When I say read, I am talking about reading deeply on a topic. Avoid being the person who can drop one tidbit but then has to retreat if the conversational sparing partner asks you for more. Go beyond the brief hundred-word article and headline, go past the YouTube shorts, and actually get to know some topic by reading substantially. For every few minutes a person talks about a topic they know, a mountain of hours lies beneath the surface for things they did not say. Conversation is very often an iceberg of data.

Reading can enable us to be the most interesting person in the room, and make other people feel just as interesting for wanting to be part of the conversation. We can learn how to lead them to say more. Learn how topics and people relate. Go read and read deeply. You can’t pick the wrong book.

What is Reading? (April 18, 2023)

That seems like a very silly question. But the meaning when we say that casual sentence has changed vastly over the span of human history. Reading, not very long ago was a rare skill. Today, we assume that people are literate, and when we ask someone to read, that they can. This was not the case five hundred years ago. Stained glass told the story of the various parables for a reason. People could not read, nor did they have uniform access to books.

As time went on books became available after the advent of printing presses but books were not yet common, and most of the items available to read were the Christian Bible and related texts in the western world.

Time continued to tick on and reading became more common, and eventually school became compulsory, leading to a more uniform reading level.

Even then, what we read was very different than what we think of today when we say “Read.” Newspapers were dominant reading content, delivered daily to streetcorners where people walked and got one or had one delivered to their door. It also ensured we were all reading approximately the same story of the world. Books were printed.

All of these things had something in common though. When you read, you were seated, or at least moving slowly, with your eyes predominantly fixed on the page, looking over words in print.

Continue toward modern times. Content continued to expand, but so did the medium. Reading moved digital, though it did not leave behind paper. My wife reads 99 percent of her books on her phone, in the kindle app. People read articles in their phone’s tablets and computers. People read fewer physical books than they have in recent history. But this still has something in common with times gone by.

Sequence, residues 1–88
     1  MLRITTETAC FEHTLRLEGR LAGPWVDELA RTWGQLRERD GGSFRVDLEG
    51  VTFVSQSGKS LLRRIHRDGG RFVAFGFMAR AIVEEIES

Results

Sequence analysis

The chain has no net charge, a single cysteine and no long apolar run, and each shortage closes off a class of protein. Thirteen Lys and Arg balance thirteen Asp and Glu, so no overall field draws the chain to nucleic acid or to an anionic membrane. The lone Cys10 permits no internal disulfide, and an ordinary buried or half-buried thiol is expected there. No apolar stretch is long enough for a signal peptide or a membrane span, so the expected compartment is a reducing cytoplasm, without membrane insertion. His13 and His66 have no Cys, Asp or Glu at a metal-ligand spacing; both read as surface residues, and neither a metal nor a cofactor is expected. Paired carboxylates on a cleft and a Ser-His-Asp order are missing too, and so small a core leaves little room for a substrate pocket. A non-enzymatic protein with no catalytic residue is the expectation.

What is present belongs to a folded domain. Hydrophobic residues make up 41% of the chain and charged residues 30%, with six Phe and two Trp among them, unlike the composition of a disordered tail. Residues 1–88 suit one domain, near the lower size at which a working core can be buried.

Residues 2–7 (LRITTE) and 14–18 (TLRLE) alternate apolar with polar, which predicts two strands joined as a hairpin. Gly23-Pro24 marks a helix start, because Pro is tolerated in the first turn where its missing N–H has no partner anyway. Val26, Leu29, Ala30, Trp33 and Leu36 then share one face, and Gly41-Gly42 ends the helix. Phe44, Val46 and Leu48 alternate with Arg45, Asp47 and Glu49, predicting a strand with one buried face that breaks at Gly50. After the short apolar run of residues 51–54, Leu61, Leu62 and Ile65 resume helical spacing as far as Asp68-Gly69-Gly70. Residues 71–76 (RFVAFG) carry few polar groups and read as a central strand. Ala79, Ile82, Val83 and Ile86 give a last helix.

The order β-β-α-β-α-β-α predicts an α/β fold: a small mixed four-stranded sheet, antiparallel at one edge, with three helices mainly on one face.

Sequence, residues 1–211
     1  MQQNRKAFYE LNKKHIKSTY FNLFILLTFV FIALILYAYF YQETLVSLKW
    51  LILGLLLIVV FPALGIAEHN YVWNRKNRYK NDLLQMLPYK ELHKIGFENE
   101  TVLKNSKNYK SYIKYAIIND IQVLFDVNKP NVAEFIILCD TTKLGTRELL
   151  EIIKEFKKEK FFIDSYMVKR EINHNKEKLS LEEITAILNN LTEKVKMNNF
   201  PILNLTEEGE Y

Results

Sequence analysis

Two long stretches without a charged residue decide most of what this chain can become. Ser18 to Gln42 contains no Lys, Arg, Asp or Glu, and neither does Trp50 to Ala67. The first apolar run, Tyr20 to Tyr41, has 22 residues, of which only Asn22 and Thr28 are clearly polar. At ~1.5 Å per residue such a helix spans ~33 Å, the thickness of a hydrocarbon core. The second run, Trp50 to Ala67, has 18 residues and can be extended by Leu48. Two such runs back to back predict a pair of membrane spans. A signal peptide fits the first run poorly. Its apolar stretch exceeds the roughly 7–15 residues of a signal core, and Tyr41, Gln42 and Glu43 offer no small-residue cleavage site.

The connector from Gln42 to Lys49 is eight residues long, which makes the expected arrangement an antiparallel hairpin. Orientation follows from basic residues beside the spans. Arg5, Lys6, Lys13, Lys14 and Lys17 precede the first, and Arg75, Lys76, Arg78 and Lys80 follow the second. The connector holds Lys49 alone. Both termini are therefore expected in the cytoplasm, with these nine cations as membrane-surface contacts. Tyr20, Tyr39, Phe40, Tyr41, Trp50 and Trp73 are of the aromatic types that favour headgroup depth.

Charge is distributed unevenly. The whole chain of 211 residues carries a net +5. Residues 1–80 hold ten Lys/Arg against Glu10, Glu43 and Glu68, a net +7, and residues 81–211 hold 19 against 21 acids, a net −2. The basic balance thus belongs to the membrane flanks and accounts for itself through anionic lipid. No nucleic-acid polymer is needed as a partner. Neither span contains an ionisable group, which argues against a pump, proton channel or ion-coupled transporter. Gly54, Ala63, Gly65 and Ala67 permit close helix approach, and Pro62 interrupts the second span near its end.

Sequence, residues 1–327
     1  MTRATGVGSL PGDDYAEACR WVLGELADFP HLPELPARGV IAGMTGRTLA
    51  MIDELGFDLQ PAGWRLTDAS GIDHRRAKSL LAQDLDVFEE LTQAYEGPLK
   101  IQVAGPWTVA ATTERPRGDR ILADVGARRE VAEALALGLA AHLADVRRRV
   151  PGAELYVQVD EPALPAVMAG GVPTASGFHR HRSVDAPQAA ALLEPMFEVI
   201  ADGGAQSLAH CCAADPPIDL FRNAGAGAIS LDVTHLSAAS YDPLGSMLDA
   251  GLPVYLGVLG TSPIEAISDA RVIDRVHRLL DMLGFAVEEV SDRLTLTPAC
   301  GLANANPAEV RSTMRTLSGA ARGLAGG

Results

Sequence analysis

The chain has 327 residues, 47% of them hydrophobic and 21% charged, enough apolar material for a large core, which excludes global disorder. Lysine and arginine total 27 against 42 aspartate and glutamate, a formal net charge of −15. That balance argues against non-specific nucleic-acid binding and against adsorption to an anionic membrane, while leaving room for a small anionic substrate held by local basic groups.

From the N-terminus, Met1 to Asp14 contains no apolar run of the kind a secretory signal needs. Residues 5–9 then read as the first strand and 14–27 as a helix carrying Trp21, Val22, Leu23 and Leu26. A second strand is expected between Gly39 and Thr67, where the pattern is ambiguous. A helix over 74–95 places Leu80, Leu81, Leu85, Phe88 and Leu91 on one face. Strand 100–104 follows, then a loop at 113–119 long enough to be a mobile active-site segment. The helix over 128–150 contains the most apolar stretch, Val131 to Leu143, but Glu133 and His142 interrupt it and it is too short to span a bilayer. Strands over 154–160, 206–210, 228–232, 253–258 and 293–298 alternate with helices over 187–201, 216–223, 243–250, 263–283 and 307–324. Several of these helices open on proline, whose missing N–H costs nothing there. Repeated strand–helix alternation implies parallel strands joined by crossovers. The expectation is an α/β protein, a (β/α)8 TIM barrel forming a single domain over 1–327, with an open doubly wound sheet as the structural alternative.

We are still generally seated or moving slowly and dedicated to the task of reading.

While I believe that reading is a very important part of anyone’s intellectual diet, the reality is that sometimes we are all busy, and sometimes we do not have time to read the way we want to. Does that mean the busy, the distracted or distractable should be entirely cut off from the hobby of reading?

I say no.

Enter, audiobooks.

Technically, I suppose an audio book is not reading. Your eyes do not scan a page, and you are not in fact reading. Theoretically an illiterate person could enjoy a book by this means. Instead of reading, it is a kind of book consumption. Isn’t that the true goal? I want to say that audiobooks are still books and have their valuable place in a reader’s repertoire. I would never surrender reading, because it allows me to chose voices, intonation and other details all myself, but audio books slot into our lives when we are busy.

We can listen in the car on the way to work. We can listen while we do chores or housework. We can listen while we work out. They are portable and free the hands in a way even phone-based reading can not do.

Don’t be shy about audio books. It doesn't make you a lesser reader. If you have a book you want to read, but can’t find the time, find the audiobook. Explore the consumption of stories through any means you can, because even the busy, and the distracted, have the right to enjoy a good tale.

Good or Bad... Thinking makes it so... (April 11, 2023)


Have you ever finished a book and tried to decide if it was good or bad, and you cannot decide which or why? I had the experience recently, and after some thoughts I found that as many as a tenth of the books I read I would struggle to describe to my wife “I liked it because…XYZ.”

I have found it a fun exercise to start telling her or my friends who will let me regale them with it, the reasons I like individual chapters as I go, or why I didn’t. When nobody else is around, they just don’t want to hear it, or don’t want spoilers, I have taken to telling myself about it. I am going to make the recommendation to you to do it too. Two really good reasons come to mind.

If we find an author we LOVE, and we want to recommend them to other people we need to be able to say “I like this because…, and you will like it because….” Do it for the author you want to plug. But also, and perhaps more importantly, do it for you. If you can be specific about what you like in a story you and not only enjoy the book as you read it more, like rewinding your favorite scene, you can also start to see connections in the piece you didn’t see before. This is a modification of my advice to “Slow down,” the reading, but in this case, it is more a “Slow down enough to know why you liked it.”

If you are also a writer you can use it to find what attracts you to reading for what you can emulate, expand on, and bring your own spin to. If you can’t verbalize it, you can’t emulate it.

You can also lastly use it to try and understand what other authors you might like and which ones you don’t. It is better to say “I don’t like books where XYZ happens. Or “I don’t like when the main characters are like ABC.”